public interface Person extends Entity {
    public String getFirstName();
    public void setFirstName(String firstName);
 
    public House getHouse();
    public void setHouse(House house);
}
 
public interface House extends Entity {
    public String getAddress();
    public void setAddress(String address);
 
    @OneToMany
    public Person[] getPeople();
}

With just the above entity definitions, calls can be made to instances of Person, passing the House instance to store. Likewise, House#getPeople() can be called, which will return an array of all Person instances associated with that House. Obviously, the Java instance itself isn’t being stored in the database, but rather the houseID INTEGER value is persisted, through the restriction of the appropriate foreign key.

It almost seems magical when you first start using it. :-) I’ve written two test applications (not downloadable, but included within the ActiveObjects SVN) which illustrate the framework’s potential more fully. Also, I’ve been using ActiveObjects as the basis for a reasonably complex Wicket application deployed in the “real world”, and I must say it’s performed beautifully.

Now here comes a moment of bad news: it’s not fully documented yet. Since it’s only on its 0.3 release, I’ve been more interested in squashing bugs and adding features than writing javadoc, though I assure you it is on my agenda. There are a few brief (and somewhat dated) examples on the website, as well as partial javadoc for the EntityManager class. Thankfully, the framework itself is remarkably intuitive and very easy to pick up.

There’re so many more cool features I would love to have shown here, but unfortunately all bloggers have sworn in blood that they will not extend their posts beyond 1500 words. If you are interested, I’ll write a follow-up post going into further detail about the framework (including the more performant SaveableEntity super-interface, which does not execute an UPDATE on every setter call).

Do yourself a favor and take a look at the API and examples. Once you get used to the simplicity of Entity interfaces and non-configuration of database connections, you’ll never look back.

https://activeobjects.dev.java.net

Comments

  1. Interesting stuff Daniel! Could you provide more details on how that looked in your Wicket based project? Would a integration project (ActiveObjects Wicket) be an idea?

    Eelco Hillenius Wednesday, July 18, 2007 at 3:19 am
  2. How about things like first level cache (for efficiency and to detect cycles)? And do you force users to use interfaces or can they use normal classes? And why didn’t you choose for a Entity annotation rather than an interface?

    I guess I’ll have to check out the sources myself first, huh? :)

    Eelco Hillenius Wednesday, July 18, 2007 at 3:34 am
  3. I would really appreciate additional info for SaveableEntity and for some further features that are inside. Lacking ActiveRecord style ORM on JAVA keep us on Rails. This can direct us back to JAVA. Syntaxt of ActiveObject is amazingly easy to adopt and flexible. What are the planned features you are thinking about. Can you imagine some implementation of migrations for instance?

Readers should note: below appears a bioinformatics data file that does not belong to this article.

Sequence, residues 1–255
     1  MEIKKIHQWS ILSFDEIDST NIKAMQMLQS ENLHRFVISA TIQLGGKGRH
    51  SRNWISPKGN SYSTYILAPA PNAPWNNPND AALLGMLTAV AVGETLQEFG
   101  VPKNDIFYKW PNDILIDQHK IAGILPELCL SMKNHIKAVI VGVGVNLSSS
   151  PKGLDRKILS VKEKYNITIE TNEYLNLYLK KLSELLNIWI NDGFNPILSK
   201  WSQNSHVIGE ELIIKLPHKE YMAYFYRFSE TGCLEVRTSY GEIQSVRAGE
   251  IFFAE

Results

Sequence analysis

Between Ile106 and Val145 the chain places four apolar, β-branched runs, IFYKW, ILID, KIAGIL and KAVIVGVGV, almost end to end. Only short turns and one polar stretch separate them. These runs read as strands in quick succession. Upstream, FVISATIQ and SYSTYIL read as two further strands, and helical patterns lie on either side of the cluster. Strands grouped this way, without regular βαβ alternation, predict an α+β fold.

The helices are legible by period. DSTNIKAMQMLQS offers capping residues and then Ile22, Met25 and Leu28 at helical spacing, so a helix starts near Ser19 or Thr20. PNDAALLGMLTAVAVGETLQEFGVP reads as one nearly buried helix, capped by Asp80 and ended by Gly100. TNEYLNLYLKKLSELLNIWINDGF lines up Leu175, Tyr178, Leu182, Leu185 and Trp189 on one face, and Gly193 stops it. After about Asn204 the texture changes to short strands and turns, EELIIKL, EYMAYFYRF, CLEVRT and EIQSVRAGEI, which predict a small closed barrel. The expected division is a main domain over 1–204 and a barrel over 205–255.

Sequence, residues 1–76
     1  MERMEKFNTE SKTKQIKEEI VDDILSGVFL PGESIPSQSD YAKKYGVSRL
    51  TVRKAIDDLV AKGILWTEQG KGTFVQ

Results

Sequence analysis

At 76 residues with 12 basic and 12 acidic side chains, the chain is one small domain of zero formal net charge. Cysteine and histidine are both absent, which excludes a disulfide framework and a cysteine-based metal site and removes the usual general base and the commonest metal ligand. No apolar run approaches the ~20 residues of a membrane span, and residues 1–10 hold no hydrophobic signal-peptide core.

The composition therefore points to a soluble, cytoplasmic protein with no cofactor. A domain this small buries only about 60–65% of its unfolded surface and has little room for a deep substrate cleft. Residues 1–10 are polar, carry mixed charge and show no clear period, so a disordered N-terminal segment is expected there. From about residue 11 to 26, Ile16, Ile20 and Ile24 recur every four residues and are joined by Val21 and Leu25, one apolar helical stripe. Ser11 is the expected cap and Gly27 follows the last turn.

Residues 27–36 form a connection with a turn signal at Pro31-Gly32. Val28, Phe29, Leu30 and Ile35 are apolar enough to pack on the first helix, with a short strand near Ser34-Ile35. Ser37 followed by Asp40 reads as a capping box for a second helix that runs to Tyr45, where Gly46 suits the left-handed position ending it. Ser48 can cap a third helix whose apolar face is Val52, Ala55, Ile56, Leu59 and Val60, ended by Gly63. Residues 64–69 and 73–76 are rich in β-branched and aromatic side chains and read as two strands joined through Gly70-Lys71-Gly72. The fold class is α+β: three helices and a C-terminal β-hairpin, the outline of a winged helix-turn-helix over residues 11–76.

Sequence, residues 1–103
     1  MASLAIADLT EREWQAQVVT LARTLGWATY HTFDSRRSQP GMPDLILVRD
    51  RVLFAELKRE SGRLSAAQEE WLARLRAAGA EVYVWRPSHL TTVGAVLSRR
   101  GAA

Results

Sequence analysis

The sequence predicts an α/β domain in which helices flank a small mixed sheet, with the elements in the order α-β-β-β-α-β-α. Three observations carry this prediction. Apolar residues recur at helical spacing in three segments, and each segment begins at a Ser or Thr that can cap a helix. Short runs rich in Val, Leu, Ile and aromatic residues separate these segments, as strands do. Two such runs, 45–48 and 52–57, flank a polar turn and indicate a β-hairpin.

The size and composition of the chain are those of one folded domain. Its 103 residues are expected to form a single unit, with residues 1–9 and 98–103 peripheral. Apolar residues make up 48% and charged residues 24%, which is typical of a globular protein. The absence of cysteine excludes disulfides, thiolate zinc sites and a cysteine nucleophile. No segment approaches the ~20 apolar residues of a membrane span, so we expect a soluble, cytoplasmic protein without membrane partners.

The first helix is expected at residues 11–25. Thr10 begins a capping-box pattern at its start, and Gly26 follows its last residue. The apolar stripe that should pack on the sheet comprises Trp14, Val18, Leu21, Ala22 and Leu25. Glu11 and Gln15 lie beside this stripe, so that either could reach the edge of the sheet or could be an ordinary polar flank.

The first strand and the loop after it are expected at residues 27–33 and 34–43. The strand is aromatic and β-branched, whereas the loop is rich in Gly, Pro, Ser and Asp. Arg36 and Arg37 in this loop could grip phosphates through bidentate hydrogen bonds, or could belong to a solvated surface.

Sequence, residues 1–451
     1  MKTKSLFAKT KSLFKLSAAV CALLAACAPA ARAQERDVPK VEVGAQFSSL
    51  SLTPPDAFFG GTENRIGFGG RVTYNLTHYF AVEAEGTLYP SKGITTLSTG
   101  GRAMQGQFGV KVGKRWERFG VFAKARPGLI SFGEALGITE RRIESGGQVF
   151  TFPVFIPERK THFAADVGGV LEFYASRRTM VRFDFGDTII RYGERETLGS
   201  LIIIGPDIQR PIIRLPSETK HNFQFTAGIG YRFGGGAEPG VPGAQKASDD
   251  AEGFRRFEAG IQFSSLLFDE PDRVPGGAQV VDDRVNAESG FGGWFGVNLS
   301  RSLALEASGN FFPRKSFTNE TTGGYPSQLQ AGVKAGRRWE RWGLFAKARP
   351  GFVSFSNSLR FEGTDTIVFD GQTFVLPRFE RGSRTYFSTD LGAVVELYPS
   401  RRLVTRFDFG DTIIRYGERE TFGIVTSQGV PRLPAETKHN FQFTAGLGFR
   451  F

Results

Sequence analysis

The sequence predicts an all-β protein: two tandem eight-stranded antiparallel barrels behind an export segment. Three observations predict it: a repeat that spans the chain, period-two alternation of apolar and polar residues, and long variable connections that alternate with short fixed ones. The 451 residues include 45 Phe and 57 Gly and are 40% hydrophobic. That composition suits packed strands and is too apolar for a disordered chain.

Thanks a lot for this project
    David

    David Marko Wednesday, July 18, 2007 at 4:31 am
  4. Pretty Neat stuff… I understand that this is just in 0.3 version, but still, i am not very comfortable with the interface approach, primarily because it is far easier to generate getters and setters from instance variables than to write both getters and setters by hand…

    I guess, there should be a better solution for that.

    -Ganesh

    Ganeshji Marwaha Wednesday, July 18, 2007 at 11:49 am
  5. @Eelco

    Yeah, I’m planning on writing an article in the near future talking about how I’m using AO within Wicket. Most of my custom code AO-Wicket relates to the fact that Entities aren’t serializable (since they’re just cached database peers) so special care needs to be taken with models and listviews. It’s fairly straightforward stuff, but I’d love to get the integration closer where possible. This is an area where I have interest, but no clear idea as to what form an integration project would take. Maybe I should look at the Wicket-Hibernate project… :-)

    Re: interfaces vs classes: Unfortunately, Java interface proxies only work with interfaces, and not with implemented classes. AO does allow for property change listeners (Java Bean Spec). More usefully, it also allows for custom implementations of methods (ala ActiveRecord method overrides), but I’ll freely admit that the syntax is perhaps a little unintuitive.

    I thought about using an entity annotation to just tag entity interfaces rather than extending a predefined interface. But by extending Entity, all entities can inherit methods like getID(), setID(int), getTableName(), addPropertyChangeListener(PropertyChangeListener), etc… rather than having to define these methods in every entity interface. SaveableEntity is a better example of this, since it defines a save() method to execute any pending UPDATEs.

    @Ganeshji